Now, the U.S. Supreme Court, they're no joke. They're the top dogs, the final say. And they're looking at this case, and they're thinking, "Hold up, something ain't right here." They're looking at the Constitution, they're looking at Miranda, and they're looking at that confession.
And they decide, "You know what? Miranda, he had a point." They say that before the police started grilling him, they should've told him about his rights. You know, the right to remain silent, the right to an attorney, all that good stuff. Because without knowing his rights, how was Miranda supposed to protect himself?
So, the U.S. Supreme Court, they flip the script. They say Arizona got it wrong, and Miranda's confession? That shouldn't have been allowed in court. And that, my friends, is how we got what we call the Miranda rights. So next time you're watching one of those cop shows and they're reading someone their rights, you'll know where that came from.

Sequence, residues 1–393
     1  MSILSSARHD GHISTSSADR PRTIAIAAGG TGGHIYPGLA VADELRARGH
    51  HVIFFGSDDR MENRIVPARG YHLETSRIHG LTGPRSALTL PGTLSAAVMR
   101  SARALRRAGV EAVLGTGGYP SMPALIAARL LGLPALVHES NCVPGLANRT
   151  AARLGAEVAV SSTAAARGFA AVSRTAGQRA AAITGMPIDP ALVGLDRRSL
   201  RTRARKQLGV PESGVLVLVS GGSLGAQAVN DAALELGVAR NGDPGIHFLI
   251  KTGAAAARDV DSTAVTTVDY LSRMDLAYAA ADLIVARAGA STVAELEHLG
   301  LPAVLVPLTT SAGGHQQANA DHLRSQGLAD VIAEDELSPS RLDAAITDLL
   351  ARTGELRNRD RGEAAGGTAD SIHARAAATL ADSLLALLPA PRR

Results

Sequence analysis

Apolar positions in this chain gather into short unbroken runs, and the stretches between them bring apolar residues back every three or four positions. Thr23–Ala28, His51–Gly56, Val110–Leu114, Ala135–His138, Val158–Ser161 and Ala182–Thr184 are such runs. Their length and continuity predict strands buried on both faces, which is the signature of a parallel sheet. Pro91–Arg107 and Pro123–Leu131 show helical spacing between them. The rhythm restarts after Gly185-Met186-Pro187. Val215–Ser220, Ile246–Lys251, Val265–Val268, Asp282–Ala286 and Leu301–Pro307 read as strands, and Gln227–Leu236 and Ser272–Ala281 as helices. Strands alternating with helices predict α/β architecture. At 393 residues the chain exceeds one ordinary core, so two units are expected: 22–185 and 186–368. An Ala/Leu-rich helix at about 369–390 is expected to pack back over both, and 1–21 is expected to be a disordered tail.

None of that is professional enough for a pleading, but it makes the point. You can perhaps have your writing punched up a bit before submitting your brief. You might consider asking ChatGPT, “among these four issues, please organize my brief in the most logical way” or some other administrative writing task. As I have hinted at before, Legal AI providers in the future will undoubtedly enable features so that your briefs can be restyled in the tone of the judge to whom you are submitting them. In this way, you have a judge reading a pleading that sounds like something they themselves would have written. Emotional manipulation? Probably. Going to happen? Definitely.